Click the banner to visit the site!

Tuesday, February 22, 2011

Black History Month: Part Three

Happy February! February is Black History Month, and I think it's important for me to support and tell/ learn about my heritage so....

Every Monday in February, there will be a post about three famous African American figures. This won't just be the usual Martin Luther King or Rosa Parks. These are twelve people that (some of them) I haven't even heard of. Overall, I believe this will be a wonderful feature that I will possibly be continuing over the future years :).

1) Frederick Jones
Frederick McKinley Jones (May 17, 1893 – February 21, 1961) was an African American inventor, entrepreneur, winner of the National Medal of Technology, and inductee of the National Inventors Hall of Fame. His innovations in refrigeration wrought great improvement in the long-haul transportation of perishable goods. . . .

Around 1935, Jones designed a portable air-cooling unit for trucks carrying perishable food, and received a patent for it on July 12, 1940. Numero sold his movie sound equipment business to RCA and formed a new company in partnership with Jones, the U.S. Thermo Control Company (later the Thermo King Corporation) which became a $3 million business by 1949. Jones's air coolers for trains, ships, and aircraft made it possible for the first time to ship perishable food long distances during any time of the year. Portable cooling units designed by Jones were especially important during World War II, preserving blood, medicine, and food for use at army hospitals and on open battlefields.


To learn more about Frederick Jones, go here.

2) Mary McLeod Bethune
Mary Jane McLeod Bethune (July 10, 1875 – May 18, 1955) was an American educator and civil rights leader best known for starting a school for African-American students in Daytona Beach, Florida, that eventually became Bethune-Cookman University and for being an advisor to President Franklin D. Roosevelt. . . .

Bethune was also active in women's clubs, and her leadership in them allowed her to become nationally prominent. She worked for the election of Franklin D. Roosevelt in 1932, and became a member of Roosevelt's Black Cabinet, sharing the concerns of black people with the Roosevelt administration while spreading Roosevelt's message to blacks, who had been traditionally Republican voters. Upon her death, columnist Louis E. Martin said, "She gave out faith and hope as if they were pills and she some sort of doctor." Her home in Daytona Beach is a National Historic Landmark, her house in Washington, D.C. in Logan Circle is preserved by the National Park Service as a National Historic Site, and a sculpture of her is located in Lincoln Park in Washington, D.C.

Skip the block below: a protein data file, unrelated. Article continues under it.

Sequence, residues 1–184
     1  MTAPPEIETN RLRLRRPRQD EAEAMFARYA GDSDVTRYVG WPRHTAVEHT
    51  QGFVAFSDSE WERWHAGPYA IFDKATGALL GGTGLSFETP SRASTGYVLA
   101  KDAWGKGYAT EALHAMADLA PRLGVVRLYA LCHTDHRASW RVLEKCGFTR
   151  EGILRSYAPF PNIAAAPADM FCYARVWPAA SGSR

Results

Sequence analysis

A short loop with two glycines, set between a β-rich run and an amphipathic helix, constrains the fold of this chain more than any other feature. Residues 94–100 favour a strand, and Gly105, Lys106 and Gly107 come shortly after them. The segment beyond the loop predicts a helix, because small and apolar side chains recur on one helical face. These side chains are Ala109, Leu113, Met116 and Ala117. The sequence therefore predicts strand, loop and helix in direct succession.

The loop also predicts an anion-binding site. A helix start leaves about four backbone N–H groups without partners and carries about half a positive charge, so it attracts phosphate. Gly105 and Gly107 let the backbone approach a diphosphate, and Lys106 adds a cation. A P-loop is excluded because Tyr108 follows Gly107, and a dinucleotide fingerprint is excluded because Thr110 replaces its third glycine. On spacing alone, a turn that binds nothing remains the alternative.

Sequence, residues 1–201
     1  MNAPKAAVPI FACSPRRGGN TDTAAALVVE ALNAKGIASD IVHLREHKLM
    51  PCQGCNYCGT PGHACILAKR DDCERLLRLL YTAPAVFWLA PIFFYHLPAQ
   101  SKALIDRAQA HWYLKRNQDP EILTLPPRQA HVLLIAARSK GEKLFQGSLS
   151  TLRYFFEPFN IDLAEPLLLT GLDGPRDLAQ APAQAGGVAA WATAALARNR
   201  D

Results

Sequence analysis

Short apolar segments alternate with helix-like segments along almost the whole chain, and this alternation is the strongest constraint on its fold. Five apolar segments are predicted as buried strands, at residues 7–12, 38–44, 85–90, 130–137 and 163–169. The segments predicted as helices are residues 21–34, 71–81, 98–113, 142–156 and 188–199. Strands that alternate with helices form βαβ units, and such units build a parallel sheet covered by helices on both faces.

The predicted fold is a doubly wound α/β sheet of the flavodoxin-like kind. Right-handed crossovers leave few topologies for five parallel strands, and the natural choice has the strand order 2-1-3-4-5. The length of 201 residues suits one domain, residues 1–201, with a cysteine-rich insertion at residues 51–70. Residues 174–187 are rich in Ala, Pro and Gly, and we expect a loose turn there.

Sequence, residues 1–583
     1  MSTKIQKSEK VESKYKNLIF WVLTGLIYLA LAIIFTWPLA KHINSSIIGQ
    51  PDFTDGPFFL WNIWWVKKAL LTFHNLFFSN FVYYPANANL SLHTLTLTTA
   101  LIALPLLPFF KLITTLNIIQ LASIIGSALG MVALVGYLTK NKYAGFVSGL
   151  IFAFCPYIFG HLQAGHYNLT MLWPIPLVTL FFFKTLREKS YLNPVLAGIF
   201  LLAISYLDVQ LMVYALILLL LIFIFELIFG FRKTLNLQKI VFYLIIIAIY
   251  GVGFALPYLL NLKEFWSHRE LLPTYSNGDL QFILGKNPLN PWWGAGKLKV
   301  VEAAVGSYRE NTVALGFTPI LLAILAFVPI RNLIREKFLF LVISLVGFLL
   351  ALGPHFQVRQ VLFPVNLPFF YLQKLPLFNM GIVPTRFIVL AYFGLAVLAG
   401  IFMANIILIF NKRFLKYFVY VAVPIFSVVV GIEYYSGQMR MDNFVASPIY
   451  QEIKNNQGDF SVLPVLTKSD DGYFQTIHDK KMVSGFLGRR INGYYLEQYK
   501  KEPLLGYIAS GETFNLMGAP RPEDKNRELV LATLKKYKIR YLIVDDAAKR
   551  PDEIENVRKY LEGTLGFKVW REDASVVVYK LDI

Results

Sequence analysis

To learn more about Mary McLeod Bethune, go here.

3) Langston Hughes
James Mercer Langston Hughes (February 1, 1902 – May 22, 1967) was an American novelist, playwright, short story writer, and columnist. He was one of the earliest innovators of the new literary art form jazz poetry. Hughes is best-known for his work during the Harlem Renaissance. He famously wrote about the period that "Harlem was in vogue". . . .

While in grammar school in Lincoln, Illinois, Hughes was elected class poet. Hughes stated in retrospect he thought it was because of the stereotype that African Americans have rhythm. "I was a victim of a stereotype. There were only two of us Negro kids in the whole class and our English teacher was always stressing the importance of rhythm in poetry. Well, everyone knows, except us, that all Negroes have rhythm, so they elected me as class poet." During high school in Cleveland, Ohio, he wrote for the school newspaper, edited the yearbook, and began to write his first short stories, poetry, and dramatic plays. His first piece of jazz poetry, "When Sue Wears Red", was written while he was in high school. It was during this time that he discovered his love of books. From this early period in his life, Hughes would cite as influences on his poetry the American poets Paul Laurence Dunbar and Carl Sandburg.


To learn more about Langston Hughes, go here.


Post a Comment

Thanks for taking the time to leave a comment! I love reading what you have to say, whether good or bad. (This is not an open invitation to be rude.)

This blog is an award-free zone. I simply don't have the time to pass them on. Thanks for thinking of me, though :).